Most gardeners take advantage of organic mulch, such as bark chips, leaf mulch or compost, which is attractive in the landscape, healthy for growing plants, and beneficial to the soil. But sometimes organic mulch and fungus go hand in hand. In fact, various fungi are natural components of this rich, organic environment.
Does Mulch Cause Fungus?
Mulch doesn’t directly cause fungus, but when certain conditions are present, mulch and fungus work together in a symbiotic relationship; fungi are living organisms that develop as part of the natural decomposition process.
Many types of fungi help break down woody tissues and other types survive by consuming bacteria in the mulch. Either way, fungus is beneficial so no mulch fungus treatment is necessary in most cases. As the fungi speeds decomposition, the decomposed mulch improves soil fertility by making nutrients more available to other plants. Decomposed mulch also increases the soil’s water retention capabilities.
Types of Fungus in Mulch
Both molds and fungus are a normal part of the decomposition process. Here is some of the most common mulch fungus seen in the landscape:
Mushrooms are a common, familiar type of fungus. You may see mushrooms in a variety of colors and in sizes ranging from tiny puffballs measuring less than an inch to varieties that attain heights of several inches. Stinkhorns are commonly seen in mulch.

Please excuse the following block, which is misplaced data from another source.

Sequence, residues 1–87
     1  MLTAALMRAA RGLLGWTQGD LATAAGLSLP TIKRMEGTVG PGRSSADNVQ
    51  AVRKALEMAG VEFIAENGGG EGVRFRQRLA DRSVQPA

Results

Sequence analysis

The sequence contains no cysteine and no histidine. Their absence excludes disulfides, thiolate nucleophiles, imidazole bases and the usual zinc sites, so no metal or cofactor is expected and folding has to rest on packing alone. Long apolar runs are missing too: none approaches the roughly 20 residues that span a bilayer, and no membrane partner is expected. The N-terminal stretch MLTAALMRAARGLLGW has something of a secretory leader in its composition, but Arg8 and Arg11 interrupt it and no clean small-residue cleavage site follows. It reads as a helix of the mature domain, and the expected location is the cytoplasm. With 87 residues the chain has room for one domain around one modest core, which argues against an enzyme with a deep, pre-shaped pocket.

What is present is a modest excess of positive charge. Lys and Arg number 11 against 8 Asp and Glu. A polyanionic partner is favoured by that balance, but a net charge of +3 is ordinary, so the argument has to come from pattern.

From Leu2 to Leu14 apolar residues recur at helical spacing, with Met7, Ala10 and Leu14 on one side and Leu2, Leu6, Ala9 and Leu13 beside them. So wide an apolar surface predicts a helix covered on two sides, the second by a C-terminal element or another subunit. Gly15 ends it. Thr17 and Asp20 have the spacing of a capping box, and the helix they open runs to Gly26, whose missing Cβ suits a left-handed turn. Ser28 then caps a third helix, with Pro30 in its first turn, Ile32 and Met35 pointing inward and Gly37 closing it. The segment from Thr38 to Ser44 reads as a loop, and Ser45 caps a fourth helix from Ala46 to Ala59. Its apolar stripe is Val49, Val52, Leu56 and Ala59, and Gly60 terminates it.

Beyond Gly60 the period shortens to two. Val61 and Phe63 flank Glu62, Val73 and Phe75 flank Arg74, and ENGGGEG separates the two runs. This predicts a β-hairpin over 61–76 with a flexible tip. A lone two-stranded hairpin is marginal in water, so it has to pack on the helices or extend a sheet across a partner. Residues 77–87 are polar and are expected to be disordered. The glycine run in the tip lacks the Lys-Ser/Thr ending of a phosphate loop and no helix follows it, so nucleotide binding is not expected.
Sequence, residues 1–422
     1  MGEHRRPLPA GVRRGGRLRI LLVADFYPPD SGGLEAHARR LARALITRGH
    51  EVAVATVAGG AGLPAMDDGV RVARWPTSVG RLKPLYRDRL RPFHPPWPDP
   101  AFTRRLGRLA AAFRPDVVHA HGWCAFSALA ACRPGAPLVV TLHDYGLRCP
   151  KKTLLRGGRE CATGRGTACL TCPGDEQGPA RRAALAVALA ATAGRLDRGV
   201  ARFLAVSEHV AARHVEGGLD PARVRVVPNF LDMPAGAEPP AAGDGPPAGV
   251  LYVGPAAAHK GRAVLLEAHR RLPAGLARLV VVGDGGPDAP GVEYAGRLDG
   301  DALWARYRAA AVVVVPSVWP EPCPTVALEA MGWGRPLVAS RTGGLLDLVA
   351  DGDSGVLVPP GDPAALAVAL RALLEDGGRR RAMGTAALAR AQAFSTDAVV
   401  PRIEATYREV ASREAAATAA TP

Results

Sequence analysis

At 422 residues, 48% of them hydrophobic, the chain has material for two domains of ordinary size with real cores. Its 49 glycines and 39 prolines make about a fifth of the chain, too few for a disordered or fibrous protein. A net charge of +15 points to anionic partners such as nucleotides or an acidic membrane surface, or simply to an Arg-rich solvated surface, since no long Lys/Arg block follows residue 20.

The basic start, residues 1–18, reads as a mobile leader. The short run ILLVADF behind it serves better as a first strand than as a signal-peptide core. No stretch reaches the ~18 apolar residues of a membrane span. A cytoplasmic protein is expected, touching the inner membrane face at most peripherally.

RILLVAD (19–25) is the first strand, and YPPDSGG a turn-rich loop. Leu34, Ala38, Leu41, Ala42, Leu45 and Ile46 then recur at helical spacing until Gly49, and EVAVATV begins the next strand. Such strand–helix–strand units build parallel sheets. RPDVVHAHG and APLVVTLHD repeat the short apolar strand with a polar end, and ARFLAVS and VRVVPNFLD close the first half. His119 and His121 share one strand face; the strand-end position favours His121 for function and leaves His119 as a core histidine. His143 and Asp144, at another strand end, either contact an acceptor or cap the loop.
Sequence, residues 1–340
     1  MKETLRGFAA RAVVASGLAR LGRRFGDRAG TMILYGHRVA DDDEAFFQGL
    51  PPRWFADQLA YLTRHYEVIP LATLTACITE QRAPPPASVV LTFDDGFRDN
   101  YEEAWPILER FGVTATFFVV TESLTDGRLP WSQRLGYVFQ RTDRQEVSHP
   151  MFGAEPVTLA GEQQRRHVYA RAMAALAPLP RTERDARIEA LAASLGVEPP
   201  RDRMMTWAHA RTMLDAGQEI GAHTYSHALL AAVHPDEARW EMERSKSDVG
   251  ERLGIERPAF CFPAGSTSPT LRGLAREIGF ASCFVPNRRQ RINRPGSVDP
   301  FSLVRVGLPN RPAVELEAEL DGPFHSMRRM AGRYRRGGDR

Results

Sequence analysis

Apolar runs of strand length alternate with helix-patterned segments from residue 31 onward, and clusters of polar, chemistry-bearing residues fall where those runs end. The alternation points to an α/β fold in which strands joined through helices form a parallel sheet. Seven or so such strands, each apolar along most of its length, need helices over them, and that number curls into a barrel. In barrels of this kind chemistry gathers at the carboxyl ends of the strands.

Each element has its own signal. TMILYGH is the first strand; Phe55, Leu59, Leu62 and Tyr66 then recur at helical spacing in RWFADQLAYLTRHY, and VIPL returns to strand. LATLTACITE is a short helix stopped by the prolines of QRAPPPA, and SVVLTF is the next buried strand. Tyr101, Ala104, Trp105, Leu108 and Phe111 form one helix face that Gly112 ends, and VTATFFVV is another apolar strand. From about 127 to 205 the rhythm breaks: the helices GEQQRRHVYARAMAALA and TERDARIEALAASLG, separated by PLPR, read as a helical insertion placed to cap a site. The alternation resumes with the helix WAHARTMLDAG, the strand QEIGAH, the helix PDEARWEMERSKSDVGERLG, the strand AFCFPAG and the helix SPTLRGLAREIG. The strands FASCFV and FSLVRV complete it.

Some people think mushrooms are a nuisance, but they aren’t harmful in most regards. However, while some mushrooms are safe to eat, many are highly toxic – even deadly. If this is a concern, or if you have curious children or pets, rake or mow the mushrooms and dispose of them safely.
Slime molds, also known as “dog vomit,” tend to be nuisances, but their growth is usually confined to small areas in damp mulch or old, rotting logs. Slime mold is easily recognized by its bright pink, orange or yellow color.
As mulch fungus, treatment of slime mold involves raking the surface of the mulch frequently to prevent growth. You can also remove the slimy substance with a rake, then dispose of it away from your yard. Otherwise, let the mold complete its natural lifespan and it will dry out, turn brown and become a powdery, white mass that is easily blasted with a garden hose.
Bird’s Nest Fungus
Bird’s nest fungi looks exactly like their name suggests -tiny bird nests complete with eggs in the center. Each “nest” measures up to ¼ inch in diameter, growing in small clumps usually limited to a few inches. This interesting little fungus is harmless and nontoxic.
Artillery fungus resembles a tiny cup with one black egg in the center. Artillery fungus is named for its sticky spores that burst and can be windblown considerable heights and distances.
Although this fungus grows in mulch, it is also attracted to light-colored surfaces, including cars or houses. The spores, which resemble specks of tar, can be difficult to remove. Other than its annoying, unsightly qualities, it isn’t harmful to plants, pets or people.
There is no known cure for artillery fungus. If this fungus is a problem in your area, avoid using wood mulch adjacent to buildings. If mulch is already in place, rake it often to keep it dry and aerated. Large chunks of bark are less inviting than shredded mulch or small pieces.